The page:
The report also raises interesting questions about bisexuality, given that reports of discrimination almost always fixate on homosexuality. It reads:

Bisexual men also reported more psychological distress than gay men. On all other measures of psychological or social wellbeing, however, there were no differences between gay and bisexual men or between lesbians and bisexual women

It found that bisexual people were less likely to be comfortable with their sexuality and less likely to be open about it. The reasons for this could be many – including the anecdotal distrust and mocking of bisexuality frequently found in the gay community. This puts quite a different spin on things than ‘LGBT people are the victims of homophobic society’.

It seems clear that it’s far from a straightforward issue, yet publications continue to unquestioningly print pieces like Matthew Todd’s. I think it’s easy to understand why – they just feel right. The Guardian may have a column dedicated to pulling apart questionable science but when it comes to identity politics, they’re happy to have their tummies tickled.

There is a further layer of complexity here. If we accept that gay men do indeed suffer disproportionately from mental health problems, it’s still an extra leap to then lay the blame for this entirely at the door of people like Ann Widdecombe or Lord Carey. Perhaps their words impact on young people or those struggling with their sexuality, and they certainly aren’t worth defending. However it seems to me that their increasingly hysterical rants are taken seriously by almost no-one beyond two groups – the minority who agree with them, and the minority who are fixated on the idea that the problems of gay people can largely be blamed on responses to their sexuality. Certainly it would be churlish to deny that most Western countries have improved immensely with regards to homophobia in recent decades – I think the almost-universal condemnation of Lord Carey’s remarks underline this. While it’s still unquestionably important to disagree with these people, it is also increasingly easy to do so. What is more difficult is to look at ourselves. I wrote only last week about the objectification and sexualisation which is commonly accepted in the gay media. It seems common sense to argue that homophobia causes mental health problems. It also seems common sense to suggest that the constant images of naked men found in magazines like GT and Attitude (which Matthew Todd edits), with their bodies airbrushed to absurdity, could cause mental health problems. Furthermore these magazines are heavily consumerist, presenting page after page of expensive clothing, holidays, gadgets, cars etc which are well beyond the reach of most people (whatever their sexuality). We already know as fact that comparisons with perceived peers cause feelings of inadequacy and dissatisfaction. What’s more, these traits of the gay media – objectification, sexualisation, commodification – are more widely found in the gay community (something I looked at here).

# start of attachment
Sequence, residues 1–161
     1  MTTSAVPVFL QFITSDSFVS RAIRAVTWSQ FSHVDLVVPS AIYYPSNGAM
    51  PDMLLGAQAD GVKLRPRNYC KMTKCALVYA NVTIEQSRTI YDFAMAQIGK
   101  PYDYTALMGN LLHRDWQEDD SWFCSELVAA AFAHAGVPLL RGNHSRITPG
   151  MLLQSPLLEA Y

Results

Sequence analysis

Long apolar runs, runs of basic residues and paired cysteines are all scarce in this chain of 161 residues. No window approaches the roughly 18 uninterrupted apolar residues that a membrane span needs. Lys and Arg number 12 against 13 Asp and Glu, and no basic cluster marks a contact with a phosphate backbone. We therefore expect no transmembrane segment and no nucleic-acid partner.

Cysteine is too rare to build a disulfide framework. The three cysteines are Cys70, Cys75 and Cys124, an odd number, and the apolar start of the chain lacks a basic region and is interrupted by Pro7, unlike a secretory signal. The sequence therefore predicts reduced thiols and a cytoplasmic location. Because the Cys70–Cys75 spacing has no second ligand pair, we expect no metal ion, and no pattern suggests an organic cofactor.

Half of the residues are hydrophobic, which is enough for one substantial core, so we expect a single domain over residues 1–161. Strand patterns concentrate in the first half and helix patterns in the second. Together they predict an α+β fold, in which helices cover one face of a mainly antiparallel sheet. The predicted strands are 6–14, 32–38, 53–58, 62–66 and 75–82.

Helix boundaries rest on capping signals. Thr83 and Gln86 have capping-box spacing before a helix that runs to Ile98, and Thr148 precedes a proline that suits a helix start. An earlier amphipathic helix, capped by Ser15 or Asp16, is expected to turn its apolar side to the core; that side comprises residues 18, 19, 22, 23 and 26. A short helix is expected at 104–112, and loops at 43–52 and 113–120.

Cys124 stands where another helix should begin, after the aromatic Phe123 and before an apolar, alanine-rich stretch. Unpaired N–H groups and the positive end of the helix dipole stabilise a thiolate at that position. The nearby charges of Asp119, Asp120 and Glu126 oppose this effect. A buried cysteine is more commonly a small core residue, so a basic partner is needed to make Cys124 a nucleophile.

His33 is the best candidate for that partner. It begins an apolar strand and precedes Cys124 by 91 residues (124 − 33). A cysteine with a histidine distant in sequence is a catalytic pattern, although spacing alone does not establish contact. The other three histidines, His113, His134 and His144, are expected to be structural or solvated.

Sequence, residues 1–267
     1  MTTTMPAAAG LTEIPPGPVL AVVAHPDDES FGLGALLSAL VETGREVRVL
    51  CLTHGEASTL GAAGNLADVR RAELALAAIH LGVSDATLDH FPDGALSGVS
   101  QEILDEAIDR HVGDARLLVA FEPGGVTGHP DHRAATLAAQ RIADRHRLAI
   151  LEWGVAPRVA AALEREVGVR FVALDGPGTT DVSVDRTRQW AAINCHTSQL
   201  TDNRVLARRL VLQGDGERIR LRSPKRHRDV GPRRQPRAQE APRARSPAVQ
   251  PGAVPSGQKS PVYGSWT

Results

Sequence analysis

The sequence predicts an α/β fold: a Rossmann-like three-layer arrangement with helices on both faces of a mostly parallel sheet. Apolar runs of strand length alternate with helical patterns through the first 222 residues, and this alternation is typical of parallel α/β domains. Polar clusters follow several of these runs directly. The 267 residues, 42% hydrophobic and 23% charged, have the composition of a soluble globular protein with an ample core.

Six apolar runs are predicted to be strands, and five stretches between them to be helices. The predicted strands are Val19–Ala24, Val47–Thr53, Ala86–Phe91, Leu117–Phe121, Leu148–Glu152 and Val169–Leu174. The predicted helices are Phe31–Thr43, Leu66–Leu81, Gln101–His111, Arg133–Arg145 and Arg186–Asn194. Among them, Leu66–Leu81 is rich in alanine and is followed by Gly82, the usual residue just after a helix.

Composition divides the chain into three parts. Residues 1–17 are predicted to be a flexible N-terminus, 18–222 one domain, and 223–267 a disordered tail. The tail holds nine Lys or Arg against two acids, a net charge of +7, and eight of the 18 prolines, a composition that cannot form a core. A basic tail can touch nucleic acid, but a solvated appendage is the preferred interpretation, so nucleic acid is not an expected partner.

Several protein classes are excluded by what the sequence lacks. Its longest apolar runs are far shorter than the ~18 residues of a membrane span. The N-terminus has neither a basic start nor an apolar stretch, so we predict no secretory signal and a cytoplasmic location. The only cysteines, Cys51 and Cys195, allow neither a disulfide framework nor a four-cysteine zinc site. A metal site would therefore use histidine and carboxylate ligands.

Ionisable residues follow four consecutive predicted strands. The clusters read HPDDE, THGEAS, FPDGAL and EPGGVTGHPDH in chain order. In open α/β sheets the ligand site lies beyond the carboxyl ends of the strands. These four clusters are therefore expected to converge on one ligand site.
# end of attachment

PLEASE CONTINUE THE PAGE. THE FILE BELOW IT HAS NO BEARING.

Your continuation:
It’s easy – far too easy – to believe that our problems stem from our sexuality and what we perceive society’s response to it to be. Even when you have your own magazine and newspaper column to say so. There are undoubtedly some out there who make a living from this reductive approach to their identity. Yet it’s a no-brainer that if you seek out homophobia, you will find it. If you want to believe that you are a besieged minority, you will believe it no matter what. It’s a simple narrative, one which makes sense and one which divests us of all personal responsibility for our lives. What is more difficult is to ask uncomfortable questions of ourselves, our peers and to recognise the many aspects in which we are nothing out of the ordinary. As I’ve argued previously, engaging with these issues means getting past the idea that that thing which makes you a ‘minority’ is the defining characteristic of your entire being, everything you do and everything that happens to you, demanding that everyone around you recognise and understand this and then responding with fury if they do it ‘negatively’. This means appreciating that sure, a gay man with mental health problems may have them (entirely or in part) because of issues with his sexuality. However it’s not necessarily the case; it’s also not necessarily the case that if he blames homophobia for them, then it is certainly to blame. These problems are complex. Just like our identities.